Australian National University Newsletter
In 2017, we were featured in the Australian National University Newsletter, spreading the word about SLV.Global in the press down under, too.
For this article, previous volunteers Amelaine and Joshua spoke to their Psychology department about their time joining us on placement in Sri Lanka and Bali, respectively.
We have increased the number of students who have joined us from Australian National University, and we can’t wait to welcome more to the team!
Read on below to find out more:
Amelaine Uidam and Joshua Deang - headed to Sri Lanka and Indonesia to expand their knowledge and understanding of global mental health.
Over the course of 2016, two RSP students travelled to Sri Lanka and Bali, Indonesia to undertake voluntary Mental Health Placements with SLV.Global, a graduate-led volunteering organisation, which runs psychology-focused placements in Sri Lanka and also in Bali, Indonesia.
Amelaine Uidam and Joshua Deang pursued volunteering as a way of gaining unique insight into global mental health and hands-on work experience. During their placements Joshua and Amelaine and the rest of the volunteer team planned and ran therapeutic activity sessions in psychiatric facilities for individuals living with a wide range of mental health issues. In addition to their time at the hospital, they also worked at numerous schools and social initiatives for children and adults with disabilities and taught English in the local community. They not only utilised and developed important psychological skills but they also developed an in depth understanding of mental health from an additional cultural perspective. They worked with the local community, as well as living with a Sri Lankan and Indonesian family. This completely immersive experience gave them a unique insight into Sri Lankan and Indonesian culture and daily life. If you have any questions you can check out the SLV.Global website, www.slv.global or email them on [email protected].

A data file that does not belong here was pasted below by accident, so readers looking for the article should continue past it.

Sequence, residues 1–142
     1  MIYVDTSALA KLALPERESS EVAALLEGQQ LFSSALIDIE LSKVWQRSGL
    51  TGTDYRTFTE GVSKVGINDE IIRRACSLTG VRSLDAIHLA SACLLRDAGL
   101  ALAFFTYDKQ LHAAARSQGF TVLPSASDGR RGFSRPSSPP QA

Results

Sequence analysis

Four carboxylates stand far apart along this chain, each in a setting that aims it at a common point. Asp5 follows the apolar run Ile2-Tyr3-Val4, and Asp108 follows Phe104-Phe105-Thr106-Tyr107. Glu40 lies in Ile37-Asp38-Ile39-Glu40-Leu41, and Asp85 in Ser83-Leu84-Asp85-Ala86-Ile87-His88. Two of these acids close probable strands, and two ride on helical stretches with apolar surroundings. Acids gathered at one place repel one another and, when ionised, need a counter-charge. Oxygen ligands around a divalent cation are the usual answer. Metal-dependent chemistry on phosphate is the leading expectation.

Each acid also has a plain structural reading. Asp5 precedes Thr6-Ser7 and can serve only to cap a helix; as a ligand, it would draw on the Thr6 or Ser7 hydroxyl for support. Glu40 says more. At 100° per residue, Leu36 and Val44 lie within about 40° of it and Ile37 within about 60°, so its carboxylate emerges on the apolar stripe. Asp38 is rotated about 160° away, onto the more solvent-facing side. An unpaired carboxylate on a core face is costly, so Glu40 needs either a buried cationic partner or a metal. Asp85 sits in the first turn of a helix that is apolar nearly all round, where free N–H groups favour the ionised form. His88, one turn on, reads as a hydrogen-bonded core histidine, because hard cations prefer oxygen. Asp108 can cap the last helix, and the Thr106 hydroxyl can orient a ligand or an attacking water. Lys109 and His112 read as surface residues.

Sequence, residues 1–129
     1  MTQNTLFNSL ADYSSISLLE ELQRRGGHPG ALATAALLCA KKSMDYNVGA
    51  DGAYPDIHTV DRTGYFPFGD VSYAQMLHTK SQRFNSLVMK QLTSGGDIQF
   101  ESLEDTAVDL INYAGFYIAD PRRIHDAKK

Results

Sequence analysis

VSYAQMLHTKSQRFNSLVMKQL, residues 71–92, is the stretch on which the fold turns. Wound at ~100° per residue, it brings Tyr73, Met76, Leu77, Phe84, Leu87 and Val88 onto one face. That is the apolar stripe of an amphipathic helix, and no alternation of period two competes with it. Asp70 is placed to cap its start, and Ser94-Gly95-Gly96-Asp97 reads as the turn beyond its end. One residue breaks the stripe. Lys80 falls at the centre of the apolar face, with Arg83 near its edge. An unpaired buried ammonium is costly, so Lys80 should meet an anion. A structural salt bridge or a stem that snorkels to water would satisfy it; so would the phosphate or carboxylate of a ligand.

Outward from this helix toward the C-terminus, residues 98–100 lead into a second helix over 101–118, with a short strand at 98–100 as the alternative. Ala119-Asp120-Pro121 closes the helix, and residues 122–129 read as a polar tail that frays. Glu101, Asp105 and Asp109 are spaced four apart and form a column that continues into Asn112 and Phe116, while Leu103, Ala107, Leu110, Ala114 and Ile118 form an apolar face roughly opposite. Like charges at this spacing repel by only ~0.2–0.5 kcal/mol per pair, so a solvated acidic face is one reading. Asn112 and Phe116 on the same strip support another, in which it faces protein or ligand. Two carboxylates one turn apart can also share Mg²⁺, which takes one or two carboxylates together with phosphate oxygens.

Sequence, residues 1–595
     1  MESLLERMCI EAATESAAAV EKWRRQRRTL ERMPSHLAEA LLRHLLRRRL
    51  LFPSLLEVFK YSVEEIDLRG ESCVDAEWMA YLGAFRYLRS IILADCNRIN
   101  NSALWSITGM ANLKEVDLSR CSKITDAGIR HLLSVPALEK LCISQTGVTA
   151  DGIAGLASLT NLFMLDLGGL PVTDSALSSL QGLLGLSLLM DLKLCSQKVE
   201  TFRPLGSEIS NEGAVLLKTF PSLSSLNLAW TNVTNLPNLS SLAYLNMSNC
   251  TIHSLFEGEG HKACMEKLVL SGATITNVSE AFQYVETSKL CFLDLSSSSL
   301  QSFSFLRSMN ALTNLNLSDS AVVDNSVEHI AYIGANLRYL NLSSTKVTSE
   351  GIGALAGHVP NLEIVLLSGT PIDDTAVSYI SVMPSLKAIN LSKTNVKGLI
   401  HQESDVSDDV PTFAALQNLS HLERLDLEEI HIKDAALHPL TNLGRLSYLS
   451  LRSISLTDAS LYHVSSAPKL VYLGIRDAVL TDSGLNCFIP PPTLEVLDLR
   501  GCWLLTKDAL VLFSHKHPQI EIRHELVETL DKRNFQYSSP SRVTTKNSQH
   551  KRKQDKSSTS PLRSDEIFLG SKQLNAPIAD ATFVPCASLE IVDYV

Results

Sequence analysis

“Completing this placement has given me a valuable understanding of another culture’s way of thinking and of the sometimes unexpected behaviours associated with a different worldview. Each culture uniquely impacts on an individual’s way of thinking and processing information… the mental health sector will benefit from professionals having a holistic, multi-cultural understanding of human psychology in order to more appropriately assist individuals.” Amelaine Uidam, RSP student.
To find out more about our Australian University Partnerships, and to read more press releases on our volunteers’ time on placement, head to our partners’ page.